Fall II sports recap


Credit: Charlotte Thirman

The WHS girls volleyball team celebrates after winning a point. This year, as a result of the many social distancing rules imposed on athletic groups, the volleyball team was forced to modify the way in which they recognized each claimed point. “We found other ways to congratulate each other and make sure that our energy as a team was high,” senior captain Mira Ireland said. “For example, [we had] specific cheers for points like aces or kills.”

As the Fall II athletic season comes to a close, the WHS teams that competed in the month-and-a-half long time slot have been able to reflect on their seasons. While athletes and coaches alike attempted to overcome COVID-19 induced challenges to find success in their athletic endeavors, all came to appreciate that they participated in a season whatsoever.


The football team enjoyed a dominant season, winning five of their seven games. After preparing as a program for several months prior to the season, athletes were able to reap the benefits of their prolonged preseason.

“I believe the season went well,” senior captain Shane DeRubeis said. “We ended with a [high] record, with [our only] two losses being very close games. The season went how I expected it to because we had many great games, and we were just a great team.”

In contrast to previous years, the team won several games in “blowout” fashion, trouncing opponents by scores such as 38-7, 20-0, and 47-19. DeRubeis attributed the increase in such matches to the amount of effort the team had put into their practices.

“We had workouts and practices before the season started, and we just put in the work,” DeRubeis said. “Along with that, our coaches [did] a great job preparing us for each game, which gave us an advantage going into many [matches].”

In addition to their regular-season matchups, football planned to compete in a postseason tournament. However, after the format of the tournament was altered from a traditional knockout competition to a two-team championship match, DeRubeis and his teammates no longer had the opportunity to vie for silverware.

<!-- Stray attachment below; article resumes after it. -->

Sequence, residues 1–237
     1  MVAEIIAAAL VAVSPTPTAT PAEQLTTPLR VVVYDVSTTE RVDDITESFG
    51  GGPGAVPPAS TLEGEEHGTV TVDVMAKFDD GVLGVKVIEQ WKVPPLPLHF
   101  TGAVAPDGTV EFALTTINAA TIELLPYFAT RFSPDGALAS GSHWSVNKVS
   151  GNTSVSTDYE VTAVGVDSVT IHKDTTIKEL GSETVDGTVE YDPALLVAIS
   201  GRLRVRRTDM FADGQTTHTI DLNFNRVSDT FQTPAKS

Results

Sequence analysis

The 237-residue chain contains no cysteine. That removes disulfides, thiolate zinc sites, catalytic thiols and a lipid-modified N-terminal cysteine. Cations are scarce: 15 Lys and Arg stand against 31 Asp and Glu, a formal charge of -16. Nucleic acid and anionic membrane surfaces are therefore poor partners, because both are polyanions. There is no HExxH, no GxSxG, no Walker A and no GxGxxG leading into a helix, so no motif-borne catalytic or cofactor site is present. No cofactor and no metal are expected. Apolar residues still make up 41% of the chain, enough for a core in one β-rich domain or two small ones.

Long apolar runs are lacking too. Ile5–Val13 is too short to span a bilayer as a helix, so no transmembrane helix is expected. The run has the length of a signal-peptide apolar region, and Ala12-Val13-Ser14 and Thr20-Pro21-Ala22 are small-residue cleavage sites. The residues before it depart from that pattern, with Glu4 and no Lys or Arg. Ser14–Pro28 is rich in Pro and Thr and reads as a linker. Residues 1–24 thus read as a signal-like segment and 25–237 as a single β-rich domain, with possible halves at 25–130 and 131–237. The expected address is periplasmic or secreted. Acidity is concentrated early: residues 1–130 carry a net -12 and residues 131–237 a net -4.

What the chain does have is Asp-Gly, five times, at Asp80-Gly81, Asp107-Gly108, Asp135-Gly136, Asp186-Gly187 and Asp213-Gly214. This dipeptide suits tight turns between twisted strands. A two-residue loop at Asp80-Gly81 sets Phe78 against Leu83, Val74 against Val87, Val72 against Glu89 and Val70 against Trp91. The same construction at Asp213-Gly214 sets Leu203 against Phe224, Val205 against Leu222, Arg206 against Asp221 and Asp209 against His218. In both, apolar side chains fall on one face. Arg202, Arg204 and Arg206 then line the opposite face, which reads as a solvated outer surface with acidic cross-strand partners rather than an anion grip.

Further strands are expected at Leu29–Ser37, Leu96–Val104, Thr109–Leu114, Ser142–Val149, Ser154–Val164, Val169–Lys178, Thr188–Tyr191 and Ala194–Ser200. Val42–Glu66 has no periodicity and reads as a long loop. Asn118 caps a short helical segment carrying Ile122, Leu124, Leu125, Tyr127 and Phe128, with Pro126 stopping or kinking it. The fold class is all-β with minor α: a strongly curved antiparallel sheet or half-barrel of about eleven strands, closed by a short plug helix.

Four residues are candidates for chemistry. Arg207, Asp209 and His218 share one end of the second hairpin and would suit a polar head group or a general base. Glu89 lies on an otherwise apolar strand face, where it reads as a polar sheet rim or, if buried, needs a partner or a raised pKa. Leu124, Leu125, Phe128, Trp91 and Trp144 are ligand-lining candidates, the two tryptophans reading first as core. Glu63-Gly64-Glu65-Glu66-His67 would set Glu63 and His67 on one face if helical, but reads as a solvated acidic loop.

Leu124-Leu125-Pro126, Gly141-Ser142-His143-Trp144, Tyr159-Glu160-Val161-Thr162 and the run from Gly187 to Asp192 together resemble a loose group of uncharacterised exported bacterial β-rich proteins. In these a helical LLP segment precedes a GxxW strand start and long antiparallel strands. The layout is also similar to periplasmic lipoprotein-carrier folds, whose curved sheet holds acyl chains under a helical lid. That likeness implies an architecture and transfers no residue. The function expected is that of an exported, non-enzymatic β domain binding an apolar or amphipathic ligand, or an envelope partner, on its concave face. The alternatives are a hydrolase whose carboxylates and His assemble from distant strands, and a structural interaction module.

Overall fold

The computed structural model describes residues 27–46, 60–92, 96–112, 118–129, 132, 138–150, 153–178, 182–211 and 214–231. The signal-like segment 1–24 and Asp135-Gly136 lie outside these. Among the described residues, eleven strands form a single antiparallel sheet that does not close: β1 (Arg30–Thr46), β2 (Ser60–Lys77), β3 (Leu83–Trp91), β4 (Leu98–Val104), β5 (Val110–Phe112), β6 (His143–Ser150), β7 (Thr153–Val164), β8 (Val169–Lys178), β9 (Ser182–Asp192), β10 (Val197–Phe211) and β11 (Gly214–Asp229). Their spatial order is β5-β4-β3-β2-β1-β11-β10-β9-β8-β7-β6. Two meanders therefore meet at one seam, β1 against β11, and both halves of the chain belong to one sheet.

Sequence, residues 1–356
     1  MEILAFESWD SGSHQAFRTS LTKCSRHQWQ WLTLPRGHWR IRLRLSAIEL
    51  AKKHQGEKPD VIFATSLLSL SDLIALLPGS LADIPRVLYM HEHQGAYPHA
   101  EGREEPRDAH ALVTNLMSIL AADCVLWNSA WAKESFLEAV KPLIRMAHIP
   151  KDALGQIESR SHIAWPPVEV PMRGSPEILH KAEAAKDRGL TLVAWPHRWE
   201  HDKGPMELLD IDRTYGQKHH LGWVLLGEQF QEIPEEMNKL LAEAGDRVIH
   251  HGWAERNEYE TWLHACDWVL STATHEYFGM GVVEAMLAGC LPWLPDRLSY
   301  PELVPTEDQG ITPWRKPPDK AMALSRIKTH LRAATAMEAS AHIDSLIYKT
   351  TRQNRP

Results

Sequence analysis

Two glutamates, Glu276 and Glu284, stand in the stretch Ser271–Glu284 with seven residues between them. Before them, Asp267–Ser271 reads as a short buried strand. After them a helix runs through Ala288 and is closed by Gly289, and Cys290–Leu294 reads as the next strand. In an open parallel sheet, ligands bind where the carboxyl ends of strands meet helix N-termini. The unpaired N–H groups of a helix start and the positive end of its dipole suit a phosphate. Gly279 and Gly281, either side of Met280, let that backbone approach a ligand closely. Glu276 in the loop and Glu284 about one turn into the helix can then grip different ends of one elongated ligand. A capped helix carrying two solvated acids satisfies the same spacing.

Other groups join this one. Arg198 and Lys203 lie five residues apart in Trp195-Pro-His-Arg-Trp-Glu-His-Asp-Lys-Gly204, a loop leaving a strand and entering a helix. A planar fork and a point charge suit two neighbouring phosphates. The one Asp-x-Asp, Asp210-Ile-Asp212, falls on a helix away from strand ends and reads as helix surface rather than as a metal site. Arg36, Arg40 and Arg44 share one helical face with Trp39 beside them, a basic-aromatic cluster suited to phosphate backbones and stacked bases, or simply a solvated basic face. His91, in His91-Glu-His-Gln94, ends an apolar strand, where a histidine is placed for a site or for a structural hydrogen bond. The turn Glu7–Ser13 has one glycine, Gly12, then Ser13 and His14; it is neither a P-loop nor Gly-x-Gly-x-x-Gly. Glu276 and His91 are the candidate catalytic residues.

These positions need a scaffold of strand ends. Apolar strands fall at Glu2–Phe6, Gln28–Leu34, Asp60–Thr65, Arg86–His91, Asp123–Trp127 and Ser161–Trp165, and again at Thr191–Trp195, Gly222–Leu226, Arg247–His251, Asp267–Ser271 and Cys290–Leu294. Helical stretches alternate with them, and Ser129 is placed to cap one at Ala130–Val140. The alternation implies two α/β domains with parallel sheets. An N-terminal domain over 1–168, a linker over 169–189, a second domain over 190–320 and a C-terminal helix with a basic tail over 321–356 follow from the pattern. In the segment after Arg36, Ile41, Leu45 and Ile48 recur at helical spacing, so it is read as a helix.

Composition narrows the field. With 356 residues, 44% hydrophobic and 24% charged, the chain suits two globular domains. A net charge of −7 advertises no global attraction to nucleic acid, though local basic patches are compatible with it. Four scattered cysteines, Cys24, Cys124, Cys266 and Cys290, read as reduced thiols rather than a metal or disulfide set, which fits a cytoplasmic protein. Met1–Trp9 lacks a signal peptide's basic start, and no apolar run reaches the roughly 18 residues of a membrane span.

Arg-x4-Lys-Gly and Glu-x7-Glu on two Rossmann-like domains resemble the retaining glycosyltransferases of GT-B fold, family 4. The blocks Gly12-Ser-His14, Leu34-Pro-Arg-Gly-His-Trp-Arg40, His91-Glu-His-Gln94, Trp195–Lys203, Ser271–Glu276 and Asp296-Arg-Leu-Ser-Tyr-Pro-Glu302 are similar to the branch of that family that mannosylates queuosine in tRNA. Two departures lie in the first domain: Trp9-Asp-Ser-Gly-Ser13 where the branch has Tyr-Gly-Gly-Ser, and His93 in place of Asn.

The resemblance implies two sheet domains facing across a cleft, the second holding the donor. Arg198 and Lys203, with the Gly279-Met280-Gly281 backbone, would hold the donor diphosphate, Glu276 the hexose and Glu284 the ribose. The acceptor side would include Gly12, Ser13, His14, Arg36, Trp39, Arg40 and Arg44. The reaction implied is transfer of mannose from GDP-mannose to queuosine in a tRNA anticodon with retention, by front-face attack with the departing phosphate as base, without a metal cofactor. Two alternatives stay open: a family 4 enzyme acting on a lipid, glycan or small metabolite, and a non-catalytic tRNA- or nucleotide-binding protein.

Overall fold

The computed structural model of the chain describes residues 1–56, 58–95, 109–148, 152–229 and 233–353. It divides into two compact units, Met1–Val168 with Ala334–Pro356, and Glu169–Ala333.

“Unfortunately, we were not picked for [the postseason championship],” DeRubeis said. “I [was] disappointed we did not get a chance to play in what was supposed to be a tournament, but I was so glad I got to have a final ride with my teammates and coaches.”

In lieu of an official tournament, the team scheduled a final fixture against Holliston. The Warriors won the contest, 39-36, in classic come-from-behind fashion.

“My favorite moment of the season was definitely coming back to win our final game against Holliston,” DeRubeis said. “They came out strong and got a big lead on us, but we continued to fight throughout the game and ended up winning. We got to show how good we were.”

Girls Volleyball:

Continuing the trend of competitive success, the girls volleyball team also won a large majority of their fixtures, finishing the season having only lost a singular match. They also found triumph in their postseason tournament.

“We finished the regular season with a 5-1 record, which is the best record in program history,” senior captain Mira Ireland said. “We made it to the semifinals of the DCL championship.”

However, to attain such success, the team was forced to overcome numerous challenges. Ireland noted that it was very difficult for the team to continue certain traditions, such as celebrating after each point that they won.

“[In a typical year], you would see how the team on the court comes together in the middle after every point,” Ireland said. “This is to keep positivity and energy. [The COVID-19 pandemic] made this difficult for us because we couldn’t do that in the same way.”

Winter Track:

As a result of the modifications made to the winter track team’s season, athletes couldn’t able to participate in competitive meets. Thus, many utilized the season to prepare themselves for future seasons, or even different sports entirely.

“Even though this track season wasn’t normal because we did not have meets, I still joined because I knew it would be a great way to get in shape for tennis in the spring season,” sophomore Eric Hiebert said. “I also thought that I could carry that momentum into the summer to get in shape for soccer in the fall.”

Despite the fact that the DCL held no official competitions, the track team gauged their performance by conducting inter-squad meets, as well as informal “scrimmages” against other towns.

“I think the inter-squad and competitive meets absolutely helped because we could see how much faster we got over the course of the season,” Hiebert said. “It helped us stay motivated because we saw the results that we wanted.”


The cheerleading team was perhaps the group that faced the most challenges with regard to the shortened season. The team was required to learn all of the routines that they typically would, in around half the time of a regular season.

“These girls were given a task that in any other season would have been impossible,” WHS cheerleading coach Kristen Saia said. “They had to not only learn all of the game material but learn and perfect a competition routine in six weeks.”

In the DCL cheerleading competition, the Warriors performed exceptionally well, only just missing out on the first place spot.

“[The team] went on to compete at the DCL competition,” Saia said. “A deduction, unfortunately, kept them out of first place, but even with the deduction, they were only .1 [points] away from the first-place team. It was such an amazing testament to the hard work this team put in.”

Even after having to cope with the hyper-accelerated pace of the season, Saia still felt that the season was an undeniable success.

“Even though this year was different, it was also one of my favorite seasons I have ever coached,” Saia said. “The team stepped up this year.”